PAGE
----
Speak Now, My Friends


Speak now, my friends, yes speak, but speak true,

Of the darkness descended and what we must do,

When days reek of madness, and nights smell of shame,

And the air smells of gore of the infinite slain.


Let’s dream, once again, of democracy’s glade,

The peace and the calm, for which many have paid,

Where the poor are the richest, and the rich are long gone,

And in the bright sunlight the darkness is done.


And when we remember all that’s been said,

Of justice for all and where it has led;

While the cruel and the selfish veil their true face,

We’ll sing of the heroes who’ve argued our case.


So proudly we’ll speak of the brave ones who die,

There’ll be vows to revenge them, tell truth to the lie,

But yet, as we speak, will come shouts, “who leads me?

So we’ll raise a bright mirror for the doubters to see.


But why fades your voice, your eyes look away?

While you suffer alone long night and dark day,

So stay, and reflect, as we join our rough hands,

What our union could do in our, unchained, lands.



The Rain Pours Blood And Ashes

The rain pours blood and ashes

Steady, down upon the snow,

Lying gently in the fields,

A soft sigh upon the world,

And bleeds away its beauty,

In myriad flowing tears,

Rose petals on a river,

Foul with waste of war.


Church bells ring and choirs sing,

For countless angry dead,

Who have no friends, no love for them,

No one waiting by the door,

Forgotten when they hit the ground,

All torn by lead and lies,

Yet still the bells are ringing,

Calling others to their end.


Some, we’ve heard, dare question,

The who’s, the how’s, the why’s,

Some others turn to listen,

The rest chained are to glowing screens,

Who see not the men arrive,

Nor hear the knocks at 3.am,

To take away the daring,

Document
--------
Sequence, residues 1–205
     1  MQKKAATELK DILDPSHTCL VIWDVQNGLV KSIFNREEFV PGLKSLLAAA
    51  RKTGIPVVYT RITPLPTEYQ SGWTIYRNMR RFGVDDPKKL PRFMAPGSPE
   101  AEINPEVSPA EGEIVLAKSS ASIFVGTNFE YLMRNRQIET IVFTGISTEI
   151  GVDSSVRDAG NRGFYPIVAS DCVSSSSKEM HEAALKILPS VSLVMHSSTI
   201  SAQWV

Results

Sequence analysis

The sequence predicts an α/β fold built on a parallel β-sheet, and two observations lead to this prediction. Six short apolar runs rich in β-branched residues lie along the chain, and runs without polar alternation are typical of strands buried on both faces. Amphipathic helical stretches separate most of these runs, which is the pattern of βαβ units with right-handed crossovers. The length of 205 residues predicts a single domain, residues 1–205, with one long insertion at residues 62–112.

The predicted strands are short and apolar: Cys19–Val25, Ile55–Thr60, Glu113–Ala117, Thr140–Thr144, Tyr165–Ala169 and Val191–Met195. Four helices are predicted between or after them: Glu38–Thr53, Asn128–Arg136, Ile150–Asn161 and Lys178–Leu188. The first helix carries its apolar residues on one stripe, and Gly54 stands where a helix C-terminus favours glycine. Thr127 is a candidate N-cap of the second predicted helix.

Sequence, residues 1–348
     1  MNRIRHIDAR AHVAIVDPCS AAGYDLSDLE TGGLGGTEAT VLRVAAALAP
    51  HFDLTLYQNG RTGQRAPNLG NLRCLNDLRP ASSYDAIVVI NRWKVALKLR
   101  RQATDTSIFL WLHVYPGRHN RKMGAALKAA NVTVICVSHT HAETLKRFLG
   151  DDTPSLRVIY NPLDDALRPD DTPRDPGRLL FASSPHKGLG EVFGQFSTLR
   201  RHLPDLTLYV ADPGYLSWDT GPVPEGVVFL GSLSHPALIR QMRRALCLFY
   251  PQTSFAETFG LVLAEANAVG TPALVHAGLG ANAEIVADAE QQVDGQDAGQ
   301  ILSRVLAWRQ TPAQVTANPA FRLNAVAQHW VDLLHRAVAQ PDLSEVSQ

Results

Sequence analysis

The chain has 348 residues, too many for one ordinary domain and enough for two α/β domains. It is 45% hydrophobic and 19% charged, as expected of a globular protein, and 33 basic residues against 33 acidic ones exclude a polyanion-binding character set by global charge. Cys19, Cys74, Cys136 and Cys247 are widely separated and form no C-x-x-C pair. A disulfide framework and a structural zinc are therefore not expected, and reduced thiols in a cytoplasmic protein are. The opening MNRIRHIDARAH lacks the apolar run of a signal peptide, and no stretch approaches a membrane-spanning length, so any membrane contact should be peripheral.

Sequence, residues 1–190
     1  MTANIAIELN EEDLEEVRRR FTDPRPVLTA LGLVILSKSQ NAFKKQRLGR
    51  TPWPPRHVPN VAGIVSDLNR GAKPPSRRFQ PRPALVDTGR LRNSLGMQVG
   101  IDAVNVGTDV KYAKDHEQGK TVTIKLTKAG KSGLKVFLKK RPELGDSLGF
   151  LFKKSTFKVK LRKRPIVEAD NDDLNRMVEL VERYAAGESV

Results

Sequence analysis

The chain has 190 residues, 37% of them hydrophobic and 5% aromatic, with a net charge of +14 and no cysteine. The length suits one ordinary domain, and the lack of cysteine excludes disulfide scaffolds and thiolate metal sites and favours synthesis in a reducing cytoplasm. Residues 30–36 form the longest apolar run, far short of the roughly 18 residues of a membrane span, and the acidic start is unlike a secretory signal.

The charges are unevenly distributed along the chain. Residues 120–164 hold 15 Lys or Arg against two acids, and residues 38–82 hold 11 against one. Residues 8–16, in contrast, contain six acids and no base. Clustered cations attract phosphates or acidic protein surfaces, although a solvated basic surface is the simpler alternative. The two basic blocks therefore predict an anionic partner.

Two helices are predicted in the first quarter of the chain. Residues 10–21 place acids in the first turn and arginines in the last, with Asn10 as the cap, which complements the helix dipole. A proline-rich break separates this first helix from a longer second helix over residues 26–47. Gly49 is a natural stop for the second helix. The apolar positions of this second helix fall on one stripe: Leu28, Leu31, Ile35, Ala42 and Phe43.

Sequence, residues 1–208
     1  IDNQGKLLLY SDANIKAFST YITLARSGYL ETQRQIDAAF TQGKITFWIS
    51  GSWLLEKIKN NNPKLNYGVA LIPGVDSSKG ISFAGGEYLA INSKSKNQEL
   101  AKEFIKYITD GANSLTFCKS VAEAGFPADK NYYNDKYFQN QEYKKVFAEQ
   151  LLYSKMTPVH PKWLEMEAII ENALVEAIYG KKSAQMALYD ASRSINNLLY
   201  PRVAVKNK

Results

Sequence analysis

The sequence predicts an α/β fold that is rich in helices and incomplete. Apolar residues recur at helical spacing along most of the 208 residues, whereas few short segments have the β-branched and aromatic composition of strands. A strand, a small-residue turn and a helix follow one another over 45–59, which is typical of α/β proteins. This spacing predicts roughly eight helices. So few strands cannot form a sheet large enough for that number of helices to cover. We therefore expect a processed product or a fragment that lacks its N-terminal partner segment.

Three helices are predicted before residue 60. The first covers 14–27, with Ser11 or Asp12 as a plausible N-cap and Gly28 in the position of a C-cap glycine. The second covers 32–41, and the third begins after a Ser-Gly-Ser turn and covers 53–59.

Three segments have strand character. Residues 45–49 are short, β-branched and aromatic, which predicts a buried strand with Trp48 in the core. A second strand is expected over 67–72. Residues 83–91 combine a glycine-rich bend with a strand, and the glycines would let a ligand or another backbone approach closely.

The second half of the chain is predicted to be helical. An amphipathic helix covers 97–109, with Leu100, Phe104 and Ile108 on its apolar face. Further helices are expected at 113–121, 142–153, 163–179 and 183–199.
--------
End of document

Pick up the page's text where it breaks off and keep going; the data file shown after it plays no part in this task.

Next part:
As they pretend to sleep.


The rain still falls upon us,

The sun and moon have lost their light,

Enlightenment stands with Reason,

Hard pressed against a wall,

Reaction strangles Progress,

Justice dangles from a tree,

While vultures perch on branches,

Where other corpses hang,












Speed Home The Passing Stranger



Speed home the passing stranger,

Who comes gently to your door,

Whether fleeing hunger,

Or cruel, incessant war,

For bound are we by one true law,

That above the rest does reign,

Humanity is one shared self and so must share the pain.


Speed home the passing stranger,

Whose heart sings of journeys past,

Through loss and toil and danger,

And each day feared the last,

For the future is a die yet cast,

And none can know their fate,

But it’s easy to extend a hand before it’s all too late.


Speed home the passing stranger,

Who travels through your land,

Seeking refuge from the anger,

To be touched by gentle hand,

For none of us alone can stand,

Against the bitter blows of time,

Sharing be the only wealth, all else is a crime.


Speed home the passing stranger,

Who one day may be me,

A solitary wanderer,

Long blind, but now can see,

That we can have or we can be,

But in the having we must die,

For having is a taking and all the rest’s a lie.


Speed home the passing stranger,

Who’s weary this tired day,

No matter if a sinner,

Or perhaps has found the way,

For it’s what we do instead of say,

That makes us who we are,

We who live together, beneath this saddened star.
















Interalienation of their hearts,

It seemed and was not,

Though both played resentful parts,

In proud unwillingness to share,

One place, one pillow, one paltry fare,

It was perfectionism, they confess,

To know the truth and ask for nothing less.

Their fierce-eyed guardians watched from overhead;

‘These two, alone, have learned to love,’ they said,

‘But neither can forget they are not worthy of each other yet.’

Autumn Memory

Cold, cold air creeps deep in my clothes,

The October sun’s gone,

November winds blow,

I stopped on the path to look at the trees,

The yellows, the golds,

The reds of the leaves,